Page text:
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  • Some residents carry their belongings and take them out of their homes amid the severe flooding in the Umm Dum area, east of Khartoum, Sudan. September 8, 2020.

    Some residents carry their belongings and take them out of their homes amid the severe flooding in the Umm Dum area, east of Khartoum, Sudan. September 8, 2020. | Photo: EFE

Published 10 September 2020
Opinion

According to the report, climate change would hit the hardest the poor nations, because of the lack of resources and support systems to cope with it.

The Institute for Economics and Peace on Wednesday said that over a billion people would be displaced by 2050 because of climate change.

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The study, titled “Ecological Threat Register,” concluded that in the next three decades, natural catastrophes could displace about 1.2 billion people worldwide.  As part of climate change effects, experts forecast the concurrence of contrasting phenomena like droughts, floods, hurricanes, and monsoons.

According to the report, climate change would hit developing nations the hardest because of the lack of resources and support systems to cope with it.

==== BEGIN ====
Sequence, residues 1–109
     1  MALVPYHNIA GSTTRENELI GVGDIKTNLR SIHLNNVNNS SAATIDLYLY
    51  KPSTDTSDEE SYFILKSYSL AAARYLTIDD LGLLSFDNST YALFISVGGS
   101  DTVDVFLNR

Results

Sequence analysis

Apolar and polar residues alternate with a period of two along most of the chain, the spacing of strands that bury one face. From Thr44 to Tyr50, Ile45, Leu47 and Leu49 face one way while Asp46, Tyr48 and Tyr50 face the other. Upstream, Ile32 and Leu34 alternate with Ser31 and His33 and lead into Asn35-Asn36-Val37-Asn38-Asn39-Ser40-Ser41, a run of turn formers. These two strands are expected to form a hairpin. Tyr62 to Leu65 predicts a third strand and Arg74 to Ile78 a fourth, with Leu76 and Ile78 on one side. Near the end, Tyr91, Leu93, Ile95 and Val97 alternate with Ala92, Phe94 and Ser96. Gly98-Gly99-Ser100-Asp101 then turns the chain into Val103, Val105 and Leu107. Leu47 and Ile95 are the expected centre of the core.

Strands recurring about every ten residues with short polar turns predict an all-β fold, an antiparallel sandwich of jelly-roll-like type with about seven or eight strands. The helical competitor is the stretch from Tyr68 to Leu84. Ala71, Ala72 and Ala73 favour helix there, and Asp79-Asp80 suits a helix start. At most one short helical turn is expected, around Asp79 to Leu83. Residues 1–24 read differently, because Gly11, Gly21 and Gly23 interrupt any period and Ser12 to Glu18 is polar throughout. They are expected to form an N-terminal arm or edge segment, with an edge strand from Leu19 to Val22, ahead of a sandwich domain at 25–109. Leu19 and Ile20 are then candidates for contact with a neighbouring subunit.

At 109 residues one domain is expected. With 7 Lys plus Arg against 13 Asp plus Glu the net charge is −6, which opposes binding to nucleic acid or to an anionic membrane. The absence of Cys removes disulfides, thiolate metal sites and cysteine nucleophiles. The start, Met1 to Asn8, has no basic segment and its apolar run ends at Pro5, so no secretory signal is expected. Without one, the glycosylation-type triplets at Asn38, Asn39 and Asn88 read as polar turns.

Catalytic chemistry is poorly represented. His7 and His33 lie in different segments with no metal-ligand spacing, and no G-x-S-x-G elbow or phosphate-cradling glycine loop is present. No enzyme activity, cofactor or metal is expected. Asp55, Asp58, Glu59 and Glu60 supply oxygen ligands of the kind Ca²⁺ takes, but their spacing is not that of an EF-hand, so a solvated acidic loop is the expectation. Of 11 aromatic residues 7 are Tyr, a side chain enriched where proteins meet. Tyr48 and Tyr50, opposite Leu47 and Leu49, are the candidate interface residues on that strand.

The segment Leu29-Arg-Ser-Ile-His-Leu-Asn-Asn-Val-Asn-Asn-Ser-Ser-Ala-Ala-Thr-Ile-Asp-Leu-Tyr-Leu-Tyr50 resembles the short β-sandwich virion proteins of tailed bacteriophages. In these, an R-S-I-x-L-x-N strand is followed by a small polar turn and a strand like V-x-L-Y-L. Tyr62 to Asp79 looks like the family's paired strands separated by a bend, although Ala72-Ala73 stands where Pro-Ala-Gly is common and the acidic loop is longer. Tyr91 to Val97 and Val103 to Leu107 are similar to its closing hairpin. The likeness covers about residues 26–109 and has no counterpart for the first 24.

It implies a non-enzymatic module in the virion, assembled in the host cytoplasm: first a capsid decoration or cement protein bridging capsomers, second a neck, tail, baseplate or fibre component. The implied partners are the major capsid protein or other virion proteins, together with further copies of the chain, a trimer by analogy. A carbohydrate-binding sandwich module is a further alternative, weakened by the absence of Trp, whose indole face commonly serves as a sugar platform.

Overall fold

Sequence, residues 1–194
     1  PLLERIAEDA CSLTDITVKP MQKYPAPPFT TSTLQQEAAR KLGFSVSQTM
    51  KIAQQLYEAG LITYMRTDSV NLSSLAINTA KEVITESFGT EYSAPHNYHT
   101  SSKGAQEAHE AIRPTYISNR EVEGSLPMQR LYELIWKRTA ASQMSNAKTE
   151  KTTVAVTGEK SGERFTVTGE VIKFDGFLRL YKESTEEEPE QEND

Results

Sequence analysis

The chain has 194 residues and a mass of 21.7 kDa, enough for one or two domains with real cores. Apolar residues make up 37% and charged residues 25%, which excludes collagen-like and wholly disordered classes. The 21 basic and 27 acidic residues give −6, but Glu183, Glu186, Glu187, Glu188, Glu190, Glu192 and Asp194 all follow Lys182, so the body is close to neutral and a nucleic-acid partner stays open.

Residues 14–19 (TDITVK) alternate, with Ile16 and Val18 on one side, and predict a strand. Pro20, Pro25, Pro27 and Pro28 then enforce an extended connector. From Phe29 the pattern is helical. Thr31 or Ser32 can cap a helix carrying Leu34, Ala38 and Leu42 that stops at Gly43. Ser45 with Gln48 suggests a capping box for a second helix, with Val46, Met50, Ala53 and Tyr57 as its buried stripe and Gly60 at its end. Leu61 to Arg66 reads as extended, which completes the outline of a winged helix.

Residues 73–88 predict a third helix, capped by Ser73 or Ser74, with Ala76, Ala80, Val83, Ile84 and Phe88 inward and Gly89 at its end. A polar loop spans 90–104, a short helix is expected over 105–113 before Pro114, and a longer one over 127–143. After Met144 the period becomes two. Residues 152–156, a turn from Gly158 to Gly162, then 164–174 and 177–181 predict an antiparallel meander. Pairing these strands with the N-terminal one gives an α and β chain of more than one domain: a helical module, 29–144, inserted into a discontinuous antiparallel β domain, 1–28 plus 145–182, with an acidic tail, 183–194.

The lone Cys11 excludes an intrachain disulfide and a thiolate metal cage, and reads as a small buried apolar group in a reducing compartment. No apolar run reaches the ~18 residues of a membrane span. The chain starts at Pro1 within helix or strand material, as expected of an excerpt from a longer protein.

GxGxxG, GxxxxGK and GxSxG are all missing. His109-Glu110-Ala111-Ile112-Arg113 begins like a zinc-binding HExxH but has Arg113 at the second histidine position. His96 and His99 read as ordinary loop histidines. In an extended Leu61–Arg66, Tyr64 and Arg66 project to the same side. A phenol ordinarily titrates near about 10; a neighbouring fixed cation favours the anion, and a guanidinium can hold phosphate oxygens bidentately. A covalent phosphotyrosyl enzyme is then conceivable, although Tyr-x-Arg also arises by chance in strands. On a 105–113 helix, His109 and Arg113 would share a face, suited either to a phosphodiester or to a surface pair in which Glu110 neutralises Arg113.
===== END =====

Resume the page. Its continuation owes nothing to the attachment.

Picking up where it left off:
“Within these hotspots, the most fragile countries will include Iran, Mozambique, Madagascar, Pakistan, and Kenya. These countries are broadly stable now but have high exposure to ecological threats and low and deteriorating Positive Peace, which means they are at a higher risk of future collapse,” the study said.

Most economically developed nations like the United States and European countries would be more resilient to the possible climate crisis. Still, they would receive a large number of refugees after massive displacements. 

The report also precludes that the impact of water stress, the scarcity of food and essential resources, as well as conflict, would lead to an increase in poverty and food insecurity.

“By 2050, the global population is projected to reach nearly ten billion people. However, the increase in population will be unevenly spread. In the most developed countries, it is projected to fall by two percent on average by 2050,” the study added.

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